95 Blanches metasediments in the direct hanging wall of the Combin Fault northwest of Zermatt display top- NE shear senses. These cannot be correlated with other deformation structures in the southeastern realm and may represent a late stage of transpressional to orogen-parallel shearing along the Combin Fault in this area. Overprinting relations and correlations within and across subareas suggest polyphase deformation along the Combin Fault and DBBT in the study area. A first phase of thrust-related, penetrative top-(n)w shearing (D1) affected all units and is well preserved along the DBBT and partly within the Combin zone (Fig. 4.11). Subsequent transpressional to orogen-parallel top-(s)w shearing (D2) can be observed along the northwestern Combin Fault (Fig. 4.11). This phase was followed by normal-sense top-se shearing (D3) which variably affected the Combin zone and, only to a minor extent, the DBBT (Fig. 4.11). A late phase of top-nw shearing (D4) led to reactivation of earlier structures, formation of low-grade greenschist-facies top-nw shear senses, and folding of preexisting fabrics, especially along the southeastern DBBT but also within the underlying Combin zone and in the northwestern realm (Fig. 4.11). Brittle shear planes which sometimes overprint ductile deformation structures are attributed to a late phase of NW-SE directed extension (D5). 4.6 Regional distribution of deformation The observed deformation structures, overprinting relations, and inferred correlations suggest that the northwestern and southeastern realms experienced structural evolutions which can be partly correlated but also show distinct differences. The southeastern DBBT shows deformation structures related to penetrative greenschist-facies top-(n)w shearing as well as top-nw mylonites displaying a decreasing ductility through the ductile/brittle transition. For the northwestern DBBT, structural and petrological observations suggest an evolution from retrograde top-(n)w shearing to renewed thrusting and shortening under low-grade greenschist-facies conditions. Folding and formation of crenulation cleavages are abundant in the footwall and hanging wall of the DBBT and also the contact itself has been folded. In the southeastern realm, shortening structures are restricted to the Combin zone below the DBBT and cannot be traced into the Dent Blanche nappe. Top-W thrusting along the DBBT can be correlated with top-w shearing along the northwestern Combin Fault but can only rarely be observed within the Combin zone in the western Valtournenche/Zermatt area where stretching lineations predominantly dip to the northwest. Top-W shearing along the northwestern Combin Fault was followed by orogen-parallel top-sw shearing. No evidence of penetrative top-sw shearing could be found in the western Valtournenche/Zermatt area suggesting that this deformation phase was either restricted to the northwestern Combin zone or has been overprinted by subsequent deformation. In the northwestern realm, top-se shearing can be observed in the footwall of and along the DBBT east of Val de Zinal, in the area north of Arolla and within the southwestern Combin zone. This distribution suggests that a NE-SW striking normal-sense shear zone developed subparallel to the nappe boundaries after the main stage of nappe-stacking. In the southeastern realm, top-se shear senses can be observed in the immediate hanging wall of the Combin Fault in the eastern Valtournenche, along the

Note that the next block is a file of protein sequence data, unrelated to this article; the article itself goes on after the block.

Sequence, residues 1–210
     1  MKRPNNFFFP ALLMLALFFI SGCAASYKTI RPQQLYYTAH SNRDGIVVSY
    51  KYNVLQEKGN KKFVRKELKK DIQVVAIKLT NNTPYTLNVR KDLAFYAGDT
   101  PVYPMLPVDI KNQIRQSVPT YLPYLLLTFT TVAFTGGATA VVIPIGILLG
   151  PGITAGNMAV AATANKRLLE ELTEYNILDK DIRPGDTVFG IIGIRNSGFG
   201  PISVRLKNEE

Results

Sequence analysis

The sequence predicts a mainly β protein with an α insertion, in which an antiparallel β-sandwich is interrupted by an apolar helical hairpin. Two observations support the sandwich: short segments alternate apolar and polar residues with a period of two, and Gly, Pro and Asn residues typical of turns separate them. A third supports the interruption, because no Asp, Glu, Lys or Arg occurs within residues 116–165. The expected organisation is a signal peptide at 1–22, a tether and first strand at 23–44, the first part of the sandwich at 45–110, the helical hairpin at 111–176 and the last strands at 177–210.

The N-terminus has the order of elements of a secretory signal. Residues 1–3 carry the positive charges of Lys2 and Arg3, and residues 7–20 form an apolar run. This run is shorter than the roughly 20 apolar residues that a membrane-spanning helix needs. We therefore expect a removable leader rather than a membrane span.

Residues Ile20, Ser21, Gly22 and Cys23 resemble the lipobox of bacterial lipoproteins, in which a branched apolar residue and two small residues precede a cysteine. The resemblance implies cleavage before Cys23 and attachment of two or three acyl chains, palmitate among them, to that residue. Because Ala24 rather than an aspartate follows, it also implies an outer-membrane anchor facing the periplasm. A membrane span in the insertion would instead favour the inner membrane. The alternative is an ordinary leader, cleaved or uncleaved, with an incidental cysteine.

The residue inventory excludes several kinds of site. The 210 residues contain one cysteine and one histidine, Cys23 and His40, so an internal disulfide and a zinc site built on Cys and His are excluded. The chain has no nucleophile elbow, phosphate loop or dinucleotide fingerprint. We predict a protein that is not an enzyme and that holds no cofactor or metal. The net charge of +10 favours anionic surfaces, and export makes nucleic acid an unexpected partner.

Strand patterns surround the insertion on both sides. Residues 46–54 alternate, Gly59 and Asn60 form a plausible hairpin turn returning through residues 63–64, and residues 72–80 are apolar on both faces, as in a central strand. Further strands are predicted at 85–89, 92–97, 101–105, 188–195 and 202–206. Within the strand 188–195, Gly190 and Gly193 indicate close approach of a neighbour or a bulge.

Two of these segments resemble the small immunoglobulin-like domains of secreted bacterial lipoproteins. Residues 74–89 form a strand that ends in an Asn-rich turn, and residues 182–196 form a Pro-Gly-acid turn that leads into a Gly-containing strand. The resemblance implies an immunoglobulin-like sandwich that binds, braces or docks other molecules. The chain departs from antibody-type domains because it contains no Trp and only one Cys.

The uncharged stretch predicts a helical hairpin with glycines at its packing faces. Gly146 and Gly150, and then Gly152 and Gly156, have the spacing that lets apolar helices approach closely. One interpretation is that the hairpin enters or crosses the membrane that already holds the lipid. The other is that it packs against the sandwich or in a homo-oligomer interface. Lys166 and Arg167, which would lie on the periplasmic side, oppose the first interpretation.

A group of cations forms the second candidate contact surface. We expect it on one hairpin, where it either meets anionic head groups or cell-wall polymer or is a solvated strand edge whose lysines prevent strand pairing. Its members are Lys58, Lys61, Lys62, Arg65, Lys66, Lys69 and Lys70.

96 Combin Fault at Lago di Cignana (see chapter 2), and at a high structural level within the Combin zone at Becca d Aver (see chapter 3). The uneven distribution of top-se shear senses in the study area suggests that top-se shearing was probably distributed into several high-strain zones. The connection between top- SE shear senses in the northwestern and southeastern realms is not clear due to insufficient exposure and obliteration by subsequent deformation. They may have been connected at depth as part of a larger normal-sense shear zone which was partly dismembered by subsequent deformation. A late phase of NWvergent shearing affected the southeastern DBBT and underlying Combin zone and can also partly be observed along the northwestern DBBT. Folds and crenulations within the northwestern and southeastern Combin zone, which deform preexisting greenschist-facies fabrics, are attributed to renewed top-nw shearing along the DBBT. Figure 4.11: Schematic tectonic map of the study area with transport directions during D1 to D4 ductile shearing according to structural observations in the subareas; transport directions in the Lago di Cignana and Becca d Aver areas are depicted as well but see chapters 2 and 3 for detailed descriptions and discussions on the observed deformation in these areas